via the Telegraph:
By Andrew Porter and Edmund ConwayLast Updated: 3:05am GMT 08/02/2008
Gordon Brown’s reputation for economic competence has been dealt a severe blow as £100 billion of taxpayers’ money used to shore up Northern Rock was added to the national debt.
The Treasury has broken one of its jealously guarded borrowing rules after the National Statistician ordered Alistair Darling, the Chancellor, to put the stricken bank’s liabilities on the Government’s books.
The total amount of public money involved in rescuing Northern Rock is the equivalent of saddling every family in Britain with £3,000 of debt.
It means the national debt will rise as high as 45 per cent of gross domestic product, well above the limit set by Mr Brown in his sustainable investment rule when he was Chancellor.
The Conservatives said Labour’s claim to economic competence had been “blown to pieces”.
George Osborne, the shadow chancellor, said: “Gordon Brown has staked his reputation for competence on meeting his own fiscal rules. Those rules have been blown to pieces as a result of his economic incompetence. Gordon Brown has effectively saddled every taxpayer with a second mortgage as a result of his mishandling of the Northern Rock crisis.”
The Office for National Statistics (ONS) said it was classifying Northern Rock as a public corporation, giving it the same status in the National Accounts as the Royal Mail and the BBC.
The ONS emphasised that its decision did not mean that it regarded the Rock as nationalised. But the move is based on the judgment that the public sector has ultimate control over the company, even though it remains nominally owned by shareholders.
The ONS said it will not be able to include a definitive figure for the debt in the National Accounts until after next month’s Budget, since it will take time to calculate it properly and Northern Rock has not released its recent accounts.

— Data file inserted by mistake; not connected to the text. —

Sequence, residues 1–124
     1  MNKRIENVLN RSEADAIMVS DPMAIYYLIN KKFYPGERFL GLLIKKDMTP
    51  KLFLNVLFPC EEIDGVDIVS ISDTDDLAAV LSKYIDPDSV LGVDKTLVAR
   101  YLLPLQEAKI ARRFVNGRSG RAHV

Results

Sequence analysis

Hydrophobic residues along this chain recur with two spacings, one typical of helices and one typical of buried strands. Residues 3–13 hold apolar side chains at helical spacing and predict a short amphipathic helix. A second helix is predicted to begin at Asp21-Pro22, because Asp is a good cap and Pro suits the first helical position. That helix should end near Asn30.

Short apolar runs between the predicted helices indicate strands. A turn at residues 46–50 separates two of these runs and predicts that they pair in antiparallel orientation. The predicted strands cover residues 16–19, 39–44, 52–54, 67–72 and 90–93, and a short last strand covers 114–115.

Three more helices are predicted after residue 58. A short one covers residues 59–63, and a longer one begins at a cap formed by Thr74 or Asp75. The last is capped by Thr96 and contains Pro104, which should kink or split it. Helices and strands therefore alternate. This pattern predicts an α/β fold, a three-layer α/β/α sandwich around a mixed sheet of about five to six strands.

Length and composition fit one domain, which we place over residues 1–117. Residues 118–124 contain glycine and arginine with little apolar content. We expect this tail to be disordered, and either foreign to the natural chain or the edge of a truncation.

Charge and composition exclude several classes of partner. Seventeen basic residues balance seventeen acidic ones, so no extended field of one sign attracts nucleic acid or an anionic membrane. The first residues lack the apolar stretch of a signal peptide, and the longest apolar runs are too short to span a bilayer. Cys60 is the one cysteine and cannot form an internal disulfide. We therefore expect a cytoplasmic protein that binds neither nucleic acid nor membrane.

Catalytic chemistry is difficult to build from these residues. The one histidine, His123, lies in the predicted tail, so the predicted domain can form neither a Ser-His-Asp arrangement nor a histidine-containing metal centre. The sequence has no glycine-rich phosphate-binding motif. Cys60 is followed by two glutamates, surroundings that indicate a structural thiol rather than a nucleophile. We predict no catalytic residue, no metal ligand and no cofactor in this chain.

Significantly, the decision will be backdated to Oct 9, 2007, meaning the Government has fallen foul of its borrowing rule for some months. It is the first time the Government has broken the rule since its introduction a decade ago.
Financial analysts said the move would not mean the Government would have to raise taxes or cut public spending but it was a damaging blow to the Prime Minister.
Before the Northern Rock debts were added, the national debt stood at £537 billion, or 37.7 per cent of gross domestic product.
Taking the figure to around 45 per cent catapults Britain up the league table of indebted nations, above the United States and just below Germany, traditionally regarded as one of the highest spending countries in Europe.
Honestly, this is impressive, to me. This shows that British institutions are capable of honesty following a monumental blunder. I’m sure it’s more due to the growing array of bureaucratic and political forces arrayed against Gordon Brown than any crisis of conscience on anybody’s part, but it still amounts to a society which can face up to the real debts on its books.
If the United States exercised equivalent rules, Countrywide, Citigroup, and probably Merrill Lynch among many others would all be classified as nationalized. And for all practical purposes they have been; but US institutions have proven themselves incapable of that kind of introspective self-criticism.